Aucoin has taken a new position as Artist-in-Residence with the L.A. Opera. (Photos courtesy of John Andrews/Peabody Essex Museum)
By Josh Perry
Hometown Weekly Staff
In the eight years since he graduated Medfield High, Matt Aucoin has earned plaudits from around the world and become a rising star in the world of opera. He recently announced via Facebook that he will begin a “dream” position this fall as an Artist-in-Residence with the Los Angeles Opera.
The position was created specifically for Aucoin and will allow him to “fuse” his work as a composer and as a conductor. He will conduct the opera, including the premiere of a “major 20th century” opera in 2016-17, two operas including one of his own in 2017-18, and the world premiere of a new opera composed by Aucoin in 2018-19.
“The world of classical music has a bizarre preference for dead composers,” said Aucoin by email from Europe where he is currently traveling. “I love plenty of the dead guys, but as one of ‘The Living,’ I’ve yearned for a long time to be able to give new music a hand however I can.”
Aucoin will conduct Philip Glass’ opera, “Akhnaten,” which he described as a “trippy, contemporary piece,” while also working on a new score for the classic horror movie, “Nosferatu,” which will be performed with a full orchestra at a screening in downtown Los Angeles and also working on his new piece that will debut in 2018.
He said, “So, I feel like a kid who’s been let loose in a candy shop. Or possibly a bull let loose in a china shop?”
As he has grown within the music world, Aucoin has shifted from performing as a jazz and rock pianist and focused more and more on his classical compositions. He enjoys the creative freedom that writing music has afforded him. As he explained, “Writing allows you to wander and explore and get lost in ways that you can’t if you’re collectively improvising.”
He added, “My favorite moment is just after the pencil touches the blank page when I’m starting a new piece. There’s a sense that something pure and blank has been stained, and there’s no turning back.”
As he begins working on the next portion of his career in L.A., Aucoin reflected on how it all began. He said that a career in music was not something he had considered until he was out of Harvard College, when suddenly he needed to, as he put it, “survive.”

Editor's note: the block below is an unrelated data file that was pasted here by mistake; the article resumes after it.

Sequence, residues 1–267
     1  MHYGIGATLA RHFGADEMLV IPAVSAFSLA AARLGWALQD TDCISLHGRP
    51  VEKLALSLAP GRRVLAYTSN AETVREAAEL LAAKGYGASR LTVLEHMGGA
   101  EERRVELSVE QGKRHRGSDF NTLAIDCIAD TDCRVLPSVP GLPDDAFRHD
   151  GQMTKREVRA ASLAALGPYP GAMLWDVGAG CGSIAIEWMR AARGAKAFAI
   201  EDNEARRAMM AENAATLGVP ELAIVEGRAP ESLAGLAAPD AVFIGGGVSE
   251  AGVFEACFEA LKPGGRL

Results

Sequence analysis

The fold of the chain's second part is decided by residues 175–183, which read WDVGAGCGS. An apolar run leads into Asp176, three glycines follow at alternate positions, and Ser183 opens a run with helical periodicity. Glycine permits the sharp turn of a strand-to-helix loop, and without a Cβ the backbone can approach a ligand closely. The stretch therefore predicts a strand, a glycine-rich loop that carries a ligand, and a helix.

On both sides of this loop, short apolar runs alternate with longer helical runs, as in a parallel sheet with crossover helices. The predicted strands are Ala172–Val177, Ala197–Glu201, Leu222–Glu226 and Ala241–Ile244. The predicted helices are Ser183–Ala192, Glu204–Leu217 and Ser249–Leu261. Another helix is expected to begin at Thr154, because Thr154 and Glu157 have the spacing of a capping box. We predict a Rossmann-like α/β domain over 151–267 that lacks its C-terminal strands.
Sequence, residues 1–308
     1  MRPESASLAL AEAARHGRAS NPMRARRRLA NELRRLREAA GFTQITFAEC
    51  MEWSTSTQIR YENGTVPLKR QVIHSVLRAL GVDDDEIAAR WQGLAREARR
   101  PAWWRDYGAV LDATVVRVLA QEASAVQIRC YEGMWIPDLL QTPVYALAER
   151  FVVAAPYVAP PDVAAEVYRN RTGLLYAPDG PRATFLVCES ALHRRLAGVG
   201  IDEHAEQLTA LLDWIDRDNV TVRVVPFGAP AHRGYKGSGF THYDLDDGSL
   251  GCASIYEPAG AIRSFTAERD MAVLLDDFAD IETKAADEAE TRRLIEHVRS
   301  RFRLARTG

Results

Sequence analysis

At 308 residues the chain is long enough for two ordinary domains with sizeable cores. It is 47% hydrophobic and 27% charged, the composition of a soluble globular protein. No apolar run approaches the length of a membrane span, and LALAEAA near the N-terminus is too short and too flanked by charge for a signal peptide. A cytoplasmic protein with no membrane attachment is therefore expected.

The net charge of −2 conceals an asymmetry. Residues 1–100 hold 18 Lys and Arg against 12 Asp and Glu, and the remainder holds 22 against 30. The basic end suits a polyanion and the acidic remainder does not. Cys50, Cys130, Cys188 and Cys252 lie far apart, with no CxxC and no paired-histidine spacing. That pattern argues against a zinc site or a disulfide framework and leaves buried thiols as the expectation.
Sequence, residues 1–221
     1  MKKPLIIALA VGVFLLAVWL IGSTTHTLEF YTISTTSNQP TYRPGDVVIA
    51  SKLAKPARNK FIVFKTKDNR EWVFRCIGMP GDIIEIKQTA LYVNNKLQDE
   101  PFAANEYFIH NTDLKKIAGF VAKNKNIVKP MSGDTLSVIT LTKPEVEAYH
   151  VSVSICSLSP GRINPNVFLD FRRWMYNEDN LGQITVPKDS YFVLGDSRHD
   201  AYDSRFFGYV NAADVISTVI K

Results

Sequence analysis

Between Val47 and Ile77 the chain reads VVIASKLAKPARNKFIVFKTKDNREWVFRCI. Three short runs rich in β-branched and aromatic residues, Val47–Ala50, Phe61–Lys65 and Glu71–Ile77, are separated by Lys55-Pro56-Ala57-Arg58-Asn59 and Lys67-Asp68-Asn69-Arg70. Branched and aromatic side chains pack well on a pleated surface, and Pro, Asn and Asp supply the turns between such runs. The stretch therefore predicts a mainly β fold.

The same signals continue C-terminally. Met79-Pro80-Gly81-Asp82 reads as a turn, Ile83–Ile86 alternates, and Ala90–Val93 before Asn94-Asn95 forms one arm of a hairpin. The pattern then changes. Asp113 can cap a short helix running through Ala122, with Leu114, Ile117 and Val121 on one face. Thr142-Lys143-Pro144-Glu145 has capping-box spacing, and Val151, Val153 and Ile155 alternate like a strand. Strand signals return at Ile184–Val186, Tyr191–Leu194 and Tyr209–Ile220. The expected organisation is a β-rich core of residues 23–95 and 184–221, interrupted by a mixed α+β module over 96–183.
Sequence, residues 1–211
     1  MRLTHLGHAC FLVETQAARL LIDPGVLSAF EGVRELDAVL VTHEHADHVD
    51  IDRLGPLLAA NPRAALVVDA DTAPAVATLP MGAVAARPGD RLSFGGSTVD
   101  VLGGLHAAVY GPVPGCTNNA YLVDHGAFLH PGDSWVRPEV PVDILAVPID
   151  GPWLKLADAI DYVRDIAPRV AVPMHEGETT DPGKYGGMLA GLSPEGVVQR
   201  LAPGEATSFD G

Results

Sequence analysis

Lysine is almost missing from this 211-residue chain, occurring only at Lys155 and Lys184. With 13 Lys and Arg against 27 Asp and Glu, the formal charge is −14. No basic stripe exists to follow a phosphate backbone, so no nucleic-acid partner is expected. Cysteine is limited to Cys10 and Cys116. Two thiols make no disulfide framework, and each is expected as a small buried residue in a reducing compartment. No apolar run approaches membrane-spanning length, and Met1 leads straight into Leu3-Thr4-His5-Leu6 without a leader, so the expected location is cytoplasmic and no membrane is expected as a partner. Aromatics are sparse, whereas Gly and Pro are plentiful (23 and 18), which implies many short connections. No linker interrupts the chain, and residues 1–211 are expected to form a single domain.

When asked if there was a moment that he knew that he had the talent for a career in music, Aucoin replied, “Well…for me making music was always as natural as breathing…I just made music with my friends and one thing led to another.”
“I feel absurdly lucky to be making a living as a composer; if you’d told me five years ago that I’d be doing what I’m doing, I wouldn’t have believed you.”
While his music career took off years after he graduated from Medfield High in 2008, Aucoin credits Music Director Doug Olsen for being a personal mentor.
Aucoin said, “I can’t overstate the impact that Doug Olsen has on every student who comes into contact with him, whether or not the student knows it at the time. He is a profound and pure musician, the kind of teacher anyone would be lucky to come across.”
He added, “We had no idea how lucky we were! Medfield music students, if you’re reading this, show Mr. Olsen a little love!”
Medfield is still in his thoughts, particularly through his former band mates from the rock group Elephantom. He would see several of them regularly in Brooklyn and even credits drummer Nick Pope (“A Medfielder born and bred,” according to Aucoin) for giving him a sense of rhythm.
He has already made his name in the world of classical music and opera and will now be entering a position created especially for him, all while barely in his mid 20s. Looking forward, Aucoin is not resting on his laurels but wants continue making his mark on the world.
“I want to find the music I really need to write,” he explained. “The music that actually gives something back to the universe. I expect that will be a lifelong quest.”
Aucoin continued, “I just learned that black holes prevent the creation of new stars by emanating a very forceful kind of music, a B-flat, which is 57 octaves below middle C. So, I suppose I want to push back against the music of black holes.”
While he looks to the stars for inspiration, Matt Aucoin continues to shine brightly on stages across the world.
For more information about his career and what is next, visit www.matthewaucoin.com.
Josh Perry is an Editor at Hometown Weekly. He can be reached at email@example.com and followed on Twitter at @Josh_Perry10.